Women and peace -- History -- Sources
Subject Source: Library Of Congress Subject Headings
Found in 12 Collections and/or Records:
Abstract Emily Greene Balch (1867-1961) was the second U.S. woman to have won the Nobel Peace Prize. Balch embarked on her academic career in the economics and sociology department at Wellesley College. Balch's extracurricular work with the Women's Trade Union League and opposition to World War I resulted in dismissal from Wellesley, and thereafter she helped lead the Women's International League for Peace and Freedom. Called a "Citizen of the World," Balch worked for peace throughout her life--through...
Identifier: SCPC-CDG-A-Blake, Katherine Devereux
Abstract Katherine Devereux Blake was a suffragist and peace activist through the first half of the twentieth century. She was a member of the Ford Peace Expedition in 1915-1916, served on the national board of the Women's International League for Peace and Freedom and its international executive board, and was the chief speaker for the Disarmament Caravan, which toured 9,000 miles in 1931.
Abstract Katherine Lindsley Camp was born in 1918 [1919?], Mt. Kisco New York. She was a graduate of Swarthmore College (Class of 1940). Camp was elected president of the U.S. Section of the Women's International League for Peace and Freedom in 1967, and served as international president, 1974-1980. In addition Camp was founder of the Citizens Bi-Racial Study Group; former president of the Pennsylvania Women's Political Caucus; made unsuccessful bid for Congress in 1972 on the Democratic ticket in...
Abstract Dorothy Detzer was a peace activist, writer, and lobbyist. She served as the National Executive Secretary of the U.S. Section of the Women's International League for Peace and Freedom, 1924-1946.. Detzer influenced a Congressional investigation of the munitions industry, 1934-1936, and later wrote the book Appointment on the Hill, 1948, describing her two decades in Washington, D.C.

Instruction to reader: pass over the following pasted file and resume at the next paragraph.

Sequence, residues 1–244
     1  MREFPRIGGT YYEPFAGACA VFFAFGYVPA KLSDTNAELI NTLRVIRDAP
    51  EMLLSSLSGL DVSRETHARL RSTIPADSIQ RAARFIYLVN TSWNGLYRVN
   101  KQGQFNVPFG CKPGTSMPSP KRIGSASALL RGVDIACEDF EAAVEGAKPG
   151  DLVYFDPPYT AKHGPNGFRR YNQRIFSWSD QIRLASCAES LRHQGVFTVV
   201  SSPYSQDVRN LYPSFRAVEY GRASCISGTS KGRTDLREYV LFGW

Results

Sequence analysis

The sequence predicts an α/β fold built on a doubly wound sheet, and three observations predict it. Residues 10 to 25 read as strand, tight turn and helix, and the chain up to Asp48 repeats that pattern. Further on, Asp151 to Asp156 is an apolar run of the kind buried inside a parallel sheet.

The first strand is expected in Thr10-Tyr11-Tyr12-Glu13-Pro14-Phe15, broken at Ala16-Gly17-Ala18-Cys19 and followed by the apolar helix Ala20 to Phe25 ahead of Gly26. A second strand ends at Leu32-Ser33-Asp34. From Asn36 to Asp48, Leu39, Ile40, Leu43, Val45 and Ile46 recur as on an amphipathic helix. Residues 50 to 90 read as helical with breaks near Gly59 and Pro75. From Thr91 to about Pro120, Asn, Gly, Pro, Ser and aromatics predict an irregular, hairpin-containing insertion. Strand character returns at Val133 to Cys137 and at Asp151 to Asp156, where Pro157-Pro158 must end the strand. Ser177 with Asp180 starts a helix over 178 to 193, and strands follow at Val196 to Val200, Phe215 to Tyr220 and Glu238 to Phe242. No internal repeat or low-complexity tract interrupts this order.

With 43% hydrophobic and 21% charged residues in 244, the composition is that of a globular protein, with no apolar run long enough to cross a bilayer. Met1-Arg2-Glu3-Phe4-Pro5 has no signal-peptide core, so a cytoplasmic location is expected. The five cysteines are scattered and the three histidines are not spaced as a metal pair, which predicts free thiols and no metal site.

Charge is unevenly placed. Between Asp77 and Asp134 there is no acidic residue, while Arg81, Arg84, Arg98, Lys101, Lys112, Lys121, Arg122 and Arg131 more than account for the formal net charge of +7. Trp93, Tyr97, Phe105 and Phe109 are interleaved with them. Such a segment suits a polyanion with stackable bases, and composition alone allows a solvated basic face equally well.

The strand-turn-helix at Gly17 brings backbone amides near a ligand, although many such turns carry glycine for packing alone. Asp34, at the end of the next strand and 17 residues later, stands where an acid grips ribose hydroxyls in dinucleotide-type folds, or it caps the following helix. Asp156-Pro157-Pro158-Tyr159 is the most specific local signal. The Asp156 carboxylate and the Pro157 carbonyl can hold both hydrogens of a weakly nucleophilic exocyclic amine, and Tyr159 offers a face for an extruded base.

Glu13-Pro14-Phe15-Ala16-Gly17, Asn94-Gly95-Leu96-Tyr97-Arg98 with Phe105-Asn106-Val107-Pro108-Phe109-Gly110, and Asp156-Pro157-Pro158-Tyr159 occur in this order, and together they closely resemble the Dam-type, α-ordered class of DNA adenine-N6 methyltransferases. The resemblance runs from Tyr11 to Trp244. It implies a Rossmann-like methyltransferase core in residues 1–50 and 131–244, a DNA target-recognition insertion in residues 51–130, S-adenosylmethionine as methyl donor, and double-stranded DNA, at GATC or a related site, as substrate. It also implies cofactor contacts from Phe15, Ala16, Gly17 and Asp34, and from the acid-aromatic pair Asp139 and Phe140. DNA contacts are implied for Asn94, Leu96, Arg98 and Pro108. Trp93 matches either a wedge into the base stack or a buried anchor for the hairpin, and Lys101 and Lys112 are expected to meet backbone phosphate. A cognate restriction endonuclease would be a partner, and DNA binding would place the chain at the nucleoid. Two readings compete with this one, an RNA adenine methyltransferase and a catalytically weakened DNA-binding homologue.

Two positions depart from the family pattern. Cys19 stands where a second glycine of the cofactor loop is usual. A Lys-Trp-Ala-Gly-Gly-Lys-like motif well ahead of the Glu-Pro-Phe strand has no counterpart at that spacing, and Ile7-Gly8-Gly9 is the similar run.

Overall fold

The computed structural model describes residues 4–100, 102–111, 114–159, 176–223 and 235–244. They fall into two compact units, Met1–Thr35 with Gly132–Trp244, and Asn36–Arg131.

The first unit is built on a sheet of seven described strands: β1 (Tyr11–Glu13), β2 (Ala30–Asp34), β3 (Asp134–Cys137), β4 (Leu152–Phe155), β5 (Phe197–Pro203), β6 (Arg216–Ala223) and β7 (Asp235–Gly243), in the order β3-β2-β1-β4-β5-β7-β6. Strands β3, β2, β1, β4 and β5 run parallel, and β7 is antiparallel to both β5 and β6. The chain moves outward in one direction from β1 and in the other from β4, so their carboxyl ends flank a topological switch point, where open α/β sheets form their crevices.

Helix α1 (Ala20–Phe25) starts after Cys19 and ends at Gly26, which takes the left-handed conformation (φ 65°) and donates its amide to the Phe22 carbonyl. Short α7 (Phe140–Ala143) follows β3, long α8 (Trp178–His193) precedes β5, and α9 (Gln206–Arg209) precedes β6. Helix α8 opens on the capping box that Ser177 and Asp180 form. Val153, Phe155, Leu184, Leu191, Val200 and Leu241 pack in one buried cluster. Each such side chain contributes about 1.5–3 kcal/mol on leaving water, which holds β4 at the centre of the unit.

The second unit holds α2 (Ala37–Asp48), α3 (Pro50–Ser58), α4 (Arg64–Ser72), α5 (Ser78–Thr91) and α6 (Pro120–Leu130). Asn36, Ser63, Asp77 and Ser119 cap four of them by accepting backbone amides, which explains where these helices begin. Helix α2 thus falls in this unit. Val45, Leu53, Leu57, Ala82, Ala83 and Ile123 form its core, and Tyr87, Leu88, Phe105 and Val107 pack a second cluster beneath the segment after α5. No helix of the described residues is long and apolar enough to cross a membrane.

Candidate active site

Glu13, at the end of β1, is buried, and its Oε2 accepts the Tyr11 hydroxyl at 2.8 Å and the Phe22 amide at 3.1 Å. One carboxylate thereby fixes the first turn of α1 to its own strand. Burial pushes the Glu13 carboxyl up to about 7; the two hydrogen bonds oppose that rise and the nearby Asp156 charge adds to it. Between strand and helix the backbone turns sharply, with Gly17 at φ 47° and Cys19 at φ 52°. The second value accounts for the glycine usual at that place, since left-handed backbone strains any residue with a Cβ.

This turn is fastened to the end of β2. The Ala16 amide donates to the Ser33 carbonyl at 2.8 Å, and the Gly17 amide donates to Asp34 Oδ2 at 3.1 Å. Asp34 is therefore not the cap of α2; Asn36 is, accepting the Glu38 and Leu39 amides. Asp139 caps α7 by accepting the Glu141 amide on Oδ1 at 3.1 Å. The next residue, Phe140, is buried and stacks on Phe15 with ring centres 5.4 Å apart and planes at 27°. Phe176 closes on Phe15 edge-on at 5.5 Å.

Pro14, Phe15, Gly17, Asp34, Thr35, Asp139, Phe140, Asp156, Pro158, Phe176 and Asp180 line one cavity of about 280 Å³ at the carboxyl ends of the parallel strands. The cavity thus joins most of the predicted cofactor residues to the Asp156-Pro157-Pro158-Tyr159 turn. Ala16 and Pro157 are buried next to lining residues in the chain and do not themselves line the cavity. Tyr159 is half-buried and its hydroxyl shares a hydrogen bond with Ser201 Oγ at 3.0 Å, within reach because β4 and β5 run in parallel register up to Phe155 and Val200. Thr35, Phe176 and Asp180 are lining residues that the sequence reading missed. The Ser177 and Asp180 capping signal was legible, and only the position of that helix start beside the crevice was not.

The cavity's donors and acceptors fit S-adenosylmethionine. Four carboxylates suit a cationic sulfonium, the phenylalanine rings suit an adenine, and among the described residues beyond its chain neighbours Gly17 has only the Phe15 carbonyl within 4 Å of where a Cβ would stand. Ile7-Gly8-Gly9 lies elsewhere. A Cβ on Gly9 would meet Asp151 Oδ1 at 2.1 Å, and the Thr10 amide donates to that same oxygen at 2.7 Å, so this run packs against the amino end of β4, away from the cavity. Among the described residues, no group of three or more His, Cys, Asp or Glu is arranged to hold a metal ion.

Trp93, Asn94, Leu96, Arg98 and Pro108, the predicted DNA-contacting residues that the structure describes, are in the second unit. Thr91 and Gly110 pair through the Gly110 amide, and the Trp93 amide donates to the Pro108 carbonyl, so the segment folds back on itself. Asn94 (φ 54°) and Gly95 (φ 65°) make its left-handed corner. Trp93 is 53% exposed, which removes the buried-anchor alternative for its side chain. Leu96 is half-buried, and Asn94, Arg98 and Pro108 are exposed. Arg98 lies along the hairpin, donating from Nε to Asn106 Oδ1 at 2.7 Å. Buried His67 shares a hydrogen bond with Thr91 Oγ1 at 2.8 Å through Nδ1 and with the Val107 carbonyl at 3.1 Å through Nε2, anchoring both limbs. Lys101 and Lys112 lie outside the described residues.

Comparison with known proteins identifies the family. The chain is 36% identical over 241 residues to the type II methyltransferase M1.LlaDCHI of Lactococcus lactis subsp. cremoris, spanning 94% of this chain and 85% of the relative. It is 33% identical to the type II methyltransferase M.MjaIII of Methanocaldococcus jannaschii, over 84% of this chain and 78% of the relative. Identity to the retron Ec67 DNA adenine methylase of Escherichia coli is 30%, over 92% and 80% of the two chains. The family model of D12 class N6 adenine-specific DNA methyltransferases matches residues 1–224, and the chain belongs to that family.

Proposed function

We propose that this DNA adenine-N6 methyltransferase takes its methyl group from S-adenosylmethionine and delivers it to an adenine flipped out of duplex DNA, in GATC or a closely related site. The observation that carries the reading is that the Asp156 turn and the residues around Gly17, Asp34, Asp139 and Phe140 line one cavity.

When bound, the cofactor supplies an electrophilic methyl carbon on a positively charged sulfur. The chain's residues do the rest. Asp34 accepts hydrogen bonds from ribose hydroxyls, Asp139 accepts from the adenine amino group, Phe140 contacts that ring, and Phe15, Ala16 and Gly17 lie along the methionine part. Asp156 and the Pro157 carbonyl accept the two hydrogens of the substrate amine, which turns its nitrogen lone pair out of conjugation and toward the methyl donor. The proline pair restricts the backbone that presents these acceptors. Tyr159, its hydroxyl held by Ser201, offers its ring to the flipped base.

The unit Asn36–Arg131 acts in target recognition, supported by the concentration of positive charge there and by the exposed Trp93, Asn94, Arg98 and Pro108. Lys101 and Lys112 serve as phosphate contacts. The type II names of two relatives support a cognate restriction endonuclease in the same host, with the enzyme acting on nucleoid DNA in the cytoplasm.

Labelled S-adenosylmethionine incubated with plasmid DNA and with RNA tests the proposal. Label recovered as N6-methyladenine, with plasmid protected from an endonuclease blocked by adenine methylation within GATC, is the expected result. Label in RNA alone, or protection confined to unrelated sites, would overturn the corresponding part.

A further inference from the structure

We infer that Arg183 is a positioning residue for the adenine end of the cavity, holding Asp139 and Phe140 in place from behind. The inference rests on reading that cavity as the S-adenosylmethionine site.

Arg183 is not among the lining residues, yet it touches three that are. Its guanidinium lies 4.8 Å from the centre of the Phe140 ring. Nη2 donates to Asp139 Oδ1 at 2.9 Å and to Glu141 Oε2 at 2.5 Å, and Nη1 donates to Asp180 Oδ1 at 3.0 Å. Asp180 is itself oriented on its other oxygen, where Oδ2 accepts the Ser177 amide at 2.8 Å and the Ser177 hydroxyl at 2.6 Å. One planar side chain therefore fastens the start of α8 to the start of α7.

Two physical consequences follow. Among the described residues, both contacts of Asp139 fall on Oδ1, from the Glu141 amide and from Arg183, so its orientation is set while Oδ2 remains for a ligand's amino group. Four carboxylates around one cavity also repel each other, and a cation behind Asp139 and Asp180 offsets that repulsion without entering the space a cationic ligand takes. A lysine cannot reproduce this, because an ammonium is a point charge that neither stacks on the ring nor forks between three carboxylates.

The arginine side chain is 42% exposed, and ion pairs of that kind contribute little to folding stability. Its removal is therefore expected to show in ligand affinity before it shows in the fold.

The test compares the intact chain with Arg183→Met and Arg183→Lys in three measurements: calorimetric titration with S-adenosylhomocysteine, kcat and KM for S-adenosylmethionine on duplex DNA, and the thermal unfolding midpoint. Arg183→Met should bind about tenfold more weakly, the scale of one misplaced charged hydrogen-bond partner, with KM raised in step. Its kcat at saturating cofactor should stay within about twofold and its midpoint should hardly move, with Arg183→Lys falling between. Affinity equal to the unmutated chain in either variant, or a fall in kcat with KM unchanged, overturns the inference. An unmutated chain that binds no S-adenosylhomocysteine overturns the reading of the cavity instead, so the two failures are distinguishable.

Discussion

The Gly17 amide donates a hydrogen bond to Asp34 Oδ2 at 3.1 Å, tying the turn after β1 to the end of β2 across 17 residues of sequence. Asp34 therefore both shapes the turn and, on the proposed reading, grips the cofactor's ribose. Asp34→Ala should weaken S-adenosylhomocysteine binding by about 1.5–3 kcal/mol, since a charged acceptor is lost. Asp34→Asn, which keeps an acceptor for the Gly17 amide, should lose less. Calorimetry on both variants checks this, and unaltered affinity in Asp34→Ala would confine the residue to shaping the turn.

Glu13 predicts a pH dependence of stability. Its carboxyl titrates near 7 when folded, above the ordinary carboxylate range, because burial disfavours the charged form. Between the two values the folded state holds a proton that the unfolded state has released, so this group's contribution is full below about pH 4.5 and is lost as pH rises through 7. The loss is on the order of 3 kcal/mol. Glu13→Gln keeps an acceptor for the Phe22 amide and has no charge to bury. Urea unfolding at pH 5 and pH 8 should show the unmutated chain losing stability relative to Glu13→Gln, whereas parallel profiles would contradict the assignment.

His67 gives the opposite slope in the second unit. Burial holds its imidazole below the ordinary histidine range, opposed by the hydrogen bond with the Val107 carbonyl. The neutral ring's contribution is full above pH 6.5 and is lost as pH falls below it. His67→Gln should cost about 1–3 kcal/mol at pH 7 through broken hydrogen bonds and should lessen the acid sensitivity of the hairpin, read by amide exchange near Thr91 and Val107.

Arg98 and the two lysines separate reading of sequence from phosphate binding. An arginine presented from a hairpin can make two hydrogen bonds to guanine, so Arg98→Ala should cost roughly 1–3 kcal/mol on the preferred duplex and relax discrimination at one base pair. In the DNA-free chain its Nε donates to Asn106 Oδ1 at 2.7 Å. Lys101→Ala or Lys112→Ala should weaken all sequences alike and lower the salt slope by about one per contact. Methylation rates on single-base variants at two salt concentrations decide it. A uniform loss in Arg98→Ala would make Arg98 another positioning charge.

Abstract Dorothy Hewitt Hutchinson (l905-l984) began to gain influence in the peace movement when her pamphlet A Call to Peace Now was printed by the Friends in l943. That summer, Hutchinson and a small group of people started the Peace Now Movement, using her pamphlet to rally support for the principle of a negotiated settlement rather than unconditional surrender of the Axis powers. This group included George W. Hartmann, a psychology professor at Columbia, and John Collett. Hutchinson also worked to...
Abstract Minutes (1949-), reports, form letters and memoranda, literature, financial records, and material relating to some of the projects supported by the association, including Art for World Friendship, Committee for World Development and World Disarmament, and Jane Addams Children's Book Award. Persons represented include Ruth Chalmers, executive director.
Identifier: SCPC-CDG-A-Kusman, Helen
Overview Helen Kusman was active in the peace movement from the 1950s through the 1980s, and worked on many issues. She served as the chairman of the New York Metropolitan Branch of the Women's International League for Peace and Freedom (WILPF), from 1970 to 1974. From 1973 to 1979 she served as Vice-President of the National Executive Board, representing the Northeast Region of the WILPF.
Abstract Mildred Scott Olmsted, peace activist and suffragist, was born in Glenolden, Pennsylvania, in 1890. In 1922, Olmsted became Executive Secretary of the Pennsylvania Branch of the Women's International League for Peace and Freedom (WILPF). From 1934 onward she assumed national positions with the organization. In 1946, Olmsted became National Administrative Secretary and held that position (until her retirement in 1966. She remained active as Executive Director Emerita of WILPF and also served on...
Overview Mercedes M. Randall was an early, and lifelong, member of the Women's International League for Peace and Freedom. She held many positions of responsibility in the organization, including chairmanship of the National Education Committee, and presidency of the Manhattan Branch. Randall was the first biographer of Nobel Peace Prize winner, Emily Greene Balch.
Overview Dorothy Medders Robinson was president of the Women's International League for Peace and Freedom, U.S. Section, from 1941 to 1946. She also served as the delegate to the WILPF International Congress in Luxembourg in 1946. Robinson was a chair of the Jane Addams Peace Association and the Jane Addams Hall of Fame Committee.